Early packet pickup is picking up your bib and timing chip the night before the race. They also have a cocktail and pasta night social where racers and Bonefrog staff can mingle; you also get to see and try some of the festival area obstacles. Early packet pickup is free, pasta and beverages are not. The pasta dinner last year was around $13 per person and you were offered a plate of pasta with or without meatballs, a mixed green salad, garlic breadsticks and chocolate chip cookie brownies. Unfortunately, we did not make it in time for the food, but we did make it just in the nick of time to get our race packets early, which saved us a lot of time in the AM and allowed us more sleep. You might even get a glimpse of EffNorm!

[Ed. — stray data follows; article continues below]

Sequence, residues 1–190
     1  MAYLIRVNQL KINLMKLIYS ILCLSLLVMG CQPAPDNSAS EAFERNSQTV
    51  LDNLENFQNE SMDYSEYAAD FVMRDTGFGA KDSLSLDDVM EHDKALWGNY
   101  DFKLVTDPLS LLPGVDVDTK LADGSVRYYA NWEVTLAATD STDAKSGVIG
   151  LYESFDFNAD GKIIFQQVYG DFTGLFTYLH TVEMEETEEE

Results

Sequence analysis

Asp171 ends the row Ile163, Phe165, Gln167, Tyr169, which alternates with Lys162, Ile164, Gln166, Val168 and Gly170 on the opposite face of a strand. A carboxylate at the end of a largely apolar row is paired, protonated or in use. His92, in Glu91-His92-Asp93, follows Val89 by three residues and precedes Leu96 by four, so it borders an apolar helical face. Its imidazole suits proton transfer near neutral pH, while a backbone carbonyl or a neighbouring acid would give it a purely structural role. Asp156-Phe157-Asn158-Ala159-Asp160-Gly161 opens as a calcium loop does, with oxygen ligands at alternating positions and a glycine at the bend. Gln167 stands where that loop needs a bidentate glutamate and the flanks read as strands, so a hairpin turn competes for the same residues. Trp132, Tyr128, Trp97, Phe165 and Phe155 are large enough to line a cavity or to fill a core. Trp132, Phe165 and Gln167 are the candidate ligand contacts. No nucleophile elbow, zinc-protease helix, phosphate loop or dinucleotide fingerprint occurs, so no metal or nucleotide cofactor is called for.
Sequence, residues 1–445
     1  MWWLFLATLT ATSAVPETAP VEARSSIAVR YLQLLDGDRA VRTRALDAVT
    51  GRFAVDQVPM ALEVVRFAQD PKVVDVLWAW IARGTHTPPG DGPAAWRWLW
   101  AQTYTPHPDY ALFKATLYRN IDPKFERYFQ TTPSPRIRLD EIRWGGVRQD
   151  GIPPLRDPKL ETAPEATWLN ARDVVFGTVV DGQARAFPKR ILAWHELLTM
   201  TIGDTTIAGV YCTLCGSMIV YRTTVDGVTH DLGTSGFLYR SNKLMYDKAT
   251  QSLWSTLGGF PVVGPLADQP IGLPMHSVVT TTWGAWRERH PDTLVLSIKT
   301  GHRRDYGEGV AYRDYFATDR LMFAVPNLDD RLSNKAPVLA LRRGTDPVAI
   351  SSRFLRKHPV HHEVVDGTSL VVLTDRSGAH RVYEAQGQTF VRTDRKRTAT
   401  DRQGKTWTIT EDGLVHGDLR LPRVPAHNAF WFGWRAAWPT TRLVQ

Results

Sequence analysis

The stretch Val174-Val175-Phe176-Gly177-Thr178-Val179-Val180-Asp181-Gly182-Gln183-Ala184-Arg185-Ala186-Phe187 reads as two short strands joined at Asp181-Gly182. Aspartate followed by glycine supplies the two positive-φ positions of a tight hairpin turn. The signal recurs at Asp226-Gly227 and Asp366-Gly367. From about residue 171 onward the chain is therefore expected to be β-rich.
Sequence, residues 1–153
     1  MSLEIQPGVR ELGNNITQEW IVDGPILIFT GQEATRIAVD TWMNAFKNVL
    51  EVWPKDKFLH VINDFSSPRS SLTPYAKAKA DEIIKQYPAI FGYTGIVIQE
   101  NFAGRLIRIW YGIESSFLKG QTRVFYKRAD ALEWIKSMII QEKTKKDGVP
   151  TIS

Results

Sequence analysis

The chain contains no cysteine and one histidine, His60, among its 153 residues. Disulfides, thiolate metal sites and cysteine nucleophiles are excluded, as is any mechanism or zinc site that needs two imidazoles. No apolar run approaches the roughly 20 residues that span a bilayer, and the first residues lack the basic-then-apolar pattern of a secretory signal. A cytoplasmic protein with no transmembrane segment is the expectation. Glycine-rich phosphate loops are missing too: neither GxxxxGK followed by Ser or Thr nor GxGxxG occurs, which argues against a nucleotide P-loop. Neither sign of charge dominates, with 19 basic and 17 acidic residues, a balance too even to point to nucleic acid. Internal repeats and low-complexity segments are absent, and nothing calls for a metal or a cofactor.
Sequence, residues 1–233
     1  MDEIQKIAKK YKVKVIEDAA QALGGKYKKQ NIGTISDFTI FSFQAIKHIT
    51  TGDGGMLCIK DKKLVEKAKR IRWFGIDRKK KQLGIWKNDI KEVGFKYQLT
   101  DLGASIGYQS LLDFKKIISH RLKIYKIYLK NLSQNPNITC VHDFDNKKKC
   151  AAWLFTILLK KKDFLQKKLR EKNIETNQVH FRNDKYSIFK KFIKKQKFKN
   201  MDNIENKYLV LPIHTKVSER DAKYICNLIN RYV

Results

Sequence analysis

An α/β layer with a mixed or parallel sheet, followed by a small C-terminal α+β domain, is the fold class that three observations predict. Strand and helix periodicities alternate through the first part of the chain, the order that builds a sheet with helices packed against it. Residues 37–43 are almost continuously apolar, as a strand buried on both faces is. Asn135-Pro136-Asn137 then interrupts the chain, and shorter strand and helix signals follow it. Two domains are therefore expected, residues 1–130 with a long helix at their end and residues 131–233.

The parking situation this year at Berkshire East was such a vast improvement over last year. Not only was it shuttle parking in 2016, but they did not have enough shuttle buses for the racers and spectators so many racers missed their early wave times. This year parking was onsite and they rented some farmland next to the venue so it was all within a short walking distance. Free parking for volunteers and $10 for everyone else.

The morning festivities at Berkshire East started beautifully with the singing of the national anthem as a member of the Navy Seal skydiving team soared his way across the mountains and over the festival area with a huge flag and colored smoke. It was a truly amazing and awe inspiring sight.